[ See our related read: How to identify Robotic Process Automation (RPA) opportunities. ]
3. Intelligent automation will get another turn in the spotlight
The phrase “intelligent automation” isn’t new; it has even experienced an earlier “vogue” phase. Definitions vary, but it usually refers to the pairing of process automation with more cognitive AI disciplines like machine learning.
Expect intelligent automation – as well as variations like “cognitive automation” – to be popular anew in the year ahead, particularly as teams gain a more practical understanding of the limits of standalone, rules-based RPA.
“In 2020, tech leaders will augment their initial RPA efforts with a convergence of rules-based and AI-powered automation via a fully integrated intelligent automation approach, enabling them to find new value in the way of workforce capacity and operational efficiency,” says Chris Huff, chief strategy officer at Kofax.
“As efficient collaboration between digital workers and human talent becomes more vital, digital workforce management and governance will become increasingly prevalent. All in all, intelligent automation’s poised to take a significant leap in 2020 and deliver tangible results to organizations that make automation a key component of their digital transformation.”
Two more trends deserve attention: A changing IT/HR relationship and a growing emphasis on RPA for security tasks. Let’s explore:
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Your first 3 items mirror what has been going on (and continues to be so) with Software Test automation (or Automation in Testing, AiT). Adoption of automation tools for software testing has been growing for years, with the last 10 plus showing the biggest increase due to the acceptance and implementation of Opensource tools such as Selenium.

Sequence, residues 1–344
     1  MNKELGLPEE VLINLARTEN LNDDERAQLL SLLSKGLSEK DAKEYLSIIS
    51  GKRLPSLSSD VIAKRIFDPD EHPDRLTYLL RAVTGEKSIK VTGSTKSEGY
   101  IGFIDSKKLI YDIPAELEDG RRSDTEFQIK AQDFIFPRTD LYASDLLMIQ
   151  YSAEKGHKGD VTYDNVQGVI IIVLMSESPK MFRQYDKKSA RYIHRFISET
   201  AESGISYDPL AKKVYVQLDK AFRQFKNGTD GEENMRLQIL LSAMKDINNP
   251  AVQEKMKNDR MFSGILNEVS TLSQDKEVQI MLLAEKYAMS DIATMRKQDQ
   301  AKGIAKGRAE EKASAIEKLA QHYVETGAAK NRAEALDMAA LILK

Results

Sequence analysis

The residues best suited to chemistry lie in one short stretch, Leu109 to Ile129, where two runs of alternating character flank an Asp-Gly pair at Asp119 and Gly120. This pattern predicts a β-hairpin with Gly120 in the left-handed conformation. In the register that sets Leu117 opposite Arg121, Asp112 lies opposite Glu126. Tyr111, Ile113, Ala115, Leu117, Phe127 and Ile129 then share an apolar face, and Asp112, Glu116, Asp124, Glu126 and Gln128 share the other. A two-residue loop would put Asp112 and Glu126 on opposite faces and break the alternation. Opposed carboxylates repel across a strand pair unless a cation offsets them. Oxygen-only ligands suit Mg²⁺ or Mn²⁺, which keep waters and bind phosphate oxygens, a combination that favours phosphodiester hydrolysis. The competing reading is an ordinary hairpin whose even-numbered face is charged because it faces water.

And this leads into the second item you list, and its inherent issues. The problem with over-inflated expectations of the tools and process, what I call "Automagic" (I'm know for the saying "It's Automation, Not Automagic!"), has always been around. Companies jump into implementing the automation tools without understanding the process and effort involved. Thus they set themselves up for failure due to ignorance. I've already heard about this happening with RPA implementation. As you mention they try to do too much too soon without understanding the real problem they are trying to solve. One of your other articles covers this in more detail.
Finally, the promise of Artificial Intelligence (AI) and Machine Learning (ML) is becoming important for both AiT and RPA tools. How this will pan out is to be seen, but it is promising in that AI in the tools will help to improve their capabilities to increase coverage of usage scenarios of the system/process being automated. This can lead to more robust and reliable automation.
Otherwise, I like this article. I'm starting to switch from AiT to RPA, and as part of that I'm seeing some things repeated with RPA implementations that I've dealt with for over 25 years of AiT work. Hopefully the business side will be a bit more cognizant and strive to do a better job of implementing RPA tools/process.
Excellent article really reflects what is in my book Business @ the speed of bots (on amazon)
Would love to get your feedback on this